See pain as a protector and a pointer

Pain is rarely desired, yet it is universally experienced. Seeing its prevalence raises the question, “Why does pain exist at all?”

Gita wisdom explains that pain is often a protector and a pointer.

Pain as a protector: If our hand touches fire, the painful burning sensation makes us immediately move our hand away to safety. If we were desensitized to pain because of some disease, our hand might get burnt to ashes without our noticing it even. In daily life, the pain we feel on touching fire protects us from getting burnt.

Pain serves a similar protective purpose in our spiritual evolution. We are presently diseased, being largely desensitized to our spiritual side. Life’s major distresses remind us forcefully of matter’s temporariness. Such reminders protect us from becoming allured by the promise of lasting joy at the material level of reality where such joy can never be found.

Pain as a pointer: Just as the distress of disease prompts us to seek health, so too does the frustration coming from our material attachment prompts us to explore the possibility of a non-material, non-temporal level of reality.

When such promptings inspire us to study the Gita, we understand that we are eternal souls, parts of the all-attractive whole, Krishna. We are meant for a life of unending love with him. The Gita provides us the time-honored process of bhakti-yoga to experience the reality of his love and to express our love for him. When we practice bhakti-yoga diligently, we eventually go beyond this distressful world to his eternal abode (Bhagavad-gita 08.15).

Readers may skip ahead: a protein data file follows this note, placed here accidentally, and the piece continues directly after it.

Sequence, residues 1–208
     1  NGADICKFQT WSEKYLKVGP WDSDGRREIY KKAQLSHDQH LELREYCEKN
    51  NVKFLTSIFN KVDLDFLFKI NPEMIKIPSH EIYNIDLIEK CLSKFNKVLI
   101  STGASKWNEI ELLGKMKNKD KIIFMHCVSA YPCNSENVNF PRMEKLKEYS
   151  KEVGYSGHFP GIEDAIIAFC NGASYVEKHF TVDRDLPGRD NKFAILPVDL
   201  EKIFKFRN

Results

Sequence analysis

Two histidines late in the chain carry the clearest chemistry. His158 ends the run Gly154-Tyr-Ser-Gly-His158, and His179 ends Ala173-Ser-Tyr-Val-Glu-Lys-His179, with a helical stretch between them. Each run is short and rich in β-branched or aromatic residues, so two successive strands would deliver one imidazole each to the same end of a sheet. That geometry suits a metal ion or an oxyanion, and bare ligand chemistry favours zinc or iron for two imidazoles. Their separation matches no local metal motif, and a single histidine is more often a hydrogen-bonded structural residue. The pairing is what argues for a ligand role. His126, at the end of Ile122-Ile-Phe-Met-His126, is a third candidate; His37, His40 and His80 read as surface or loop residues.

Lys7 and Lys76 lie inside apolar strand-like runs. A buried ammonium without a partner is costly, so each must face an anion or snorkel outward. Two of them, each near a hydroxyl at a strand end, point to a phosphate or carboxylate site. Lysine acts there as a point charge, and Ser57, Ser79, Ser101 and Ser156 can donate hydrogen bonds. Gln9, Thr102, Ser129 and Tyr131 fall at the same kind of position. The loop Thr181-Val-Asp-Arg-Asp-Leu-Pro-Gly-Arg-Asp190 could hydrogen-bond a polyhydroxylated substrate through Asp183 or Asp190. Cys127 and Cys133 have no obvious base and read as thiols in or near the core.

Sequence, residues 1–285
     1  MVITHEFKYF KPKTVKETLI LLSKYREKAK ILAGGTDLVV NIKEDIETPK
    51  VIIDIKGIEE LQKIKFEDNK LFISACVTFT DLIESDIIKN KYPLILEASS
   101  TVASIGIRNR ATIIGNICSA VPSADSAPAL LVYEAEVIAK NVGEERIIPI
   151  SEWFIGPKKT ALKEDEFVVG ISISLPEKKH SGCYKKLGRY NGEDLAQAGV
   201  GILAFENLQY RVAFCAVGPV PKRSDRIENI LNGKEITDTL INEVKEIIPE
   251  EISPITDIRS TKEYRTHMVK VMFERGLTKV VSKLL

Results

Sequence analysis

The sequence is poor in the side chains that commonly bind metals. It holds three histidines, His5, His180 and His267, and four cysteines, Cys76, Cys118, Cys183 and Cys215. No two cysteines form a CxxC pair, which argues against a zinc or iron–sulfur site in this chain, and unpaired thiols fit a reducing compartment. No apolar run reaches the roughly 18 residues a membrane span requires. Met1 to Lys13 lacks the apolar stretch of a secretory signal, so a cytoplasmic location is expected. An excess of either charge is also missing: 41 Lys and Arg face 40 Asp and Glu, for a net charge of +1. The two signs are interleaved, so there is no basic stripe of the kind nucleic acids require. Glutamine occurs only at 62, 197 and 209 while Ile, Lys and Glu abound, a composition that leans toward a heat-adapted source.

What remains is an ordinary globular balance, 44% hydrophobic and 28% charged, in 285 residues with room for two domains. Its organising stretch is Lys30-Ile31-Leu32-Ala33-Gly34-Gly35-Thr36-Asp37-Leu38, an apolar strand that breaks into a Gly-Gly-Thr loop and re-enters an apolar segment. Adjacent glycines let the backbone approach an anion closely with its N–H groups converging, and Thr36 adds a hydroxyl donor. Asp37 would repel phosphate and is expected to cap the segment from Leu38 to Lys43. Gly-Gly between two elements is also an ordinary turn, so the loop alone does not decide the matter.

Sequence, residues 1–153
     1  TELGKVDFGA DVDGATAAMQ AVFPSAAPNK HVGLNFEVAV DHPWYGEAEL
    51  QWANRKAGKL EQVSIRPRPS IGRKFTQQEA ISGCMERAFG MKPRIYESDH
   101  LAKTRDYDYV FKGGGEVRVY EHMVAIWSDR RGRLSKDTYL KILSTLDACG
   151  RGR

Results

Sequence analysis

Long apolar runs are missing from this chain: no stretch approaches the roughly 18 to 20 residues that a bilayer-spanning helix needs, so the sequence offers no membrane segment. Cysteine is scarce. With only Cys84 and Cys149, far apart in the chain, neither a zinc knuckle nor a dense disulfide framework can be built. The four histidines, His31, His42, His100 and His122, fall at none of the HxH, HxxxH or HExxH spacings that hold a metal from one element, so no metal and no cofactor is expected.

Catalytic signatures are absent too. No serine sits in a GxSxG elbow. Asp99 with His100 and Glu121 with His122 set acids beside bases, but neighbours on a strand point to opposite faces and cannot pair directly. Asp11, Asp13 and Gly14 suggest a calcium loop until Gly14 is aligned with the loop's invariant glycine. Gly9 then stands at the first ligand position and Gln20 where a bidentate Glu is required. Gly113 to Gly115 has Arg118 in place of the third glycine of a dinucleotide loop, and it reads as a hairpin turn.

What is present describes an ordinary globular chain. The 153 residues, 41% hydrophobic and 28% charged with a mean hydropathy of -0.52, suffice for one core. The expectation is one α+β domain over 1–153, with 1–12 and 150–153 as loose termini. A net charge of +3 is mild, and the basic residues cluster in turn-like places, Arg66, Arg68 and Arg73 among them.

Thus, pain protects us from material entanglement and points us towards spiritual engagement. When we become devotionally absorbed in Krishna, our pain becomes supremely purposeful – it inspires us to move faster towards the one whose proximity is the harbinger of eternal joy.

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See your past not as a curse but as a course
We are in a dream, but we are not a dream
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1 Comment

  1. Pain is the probation time for a BHAKTA

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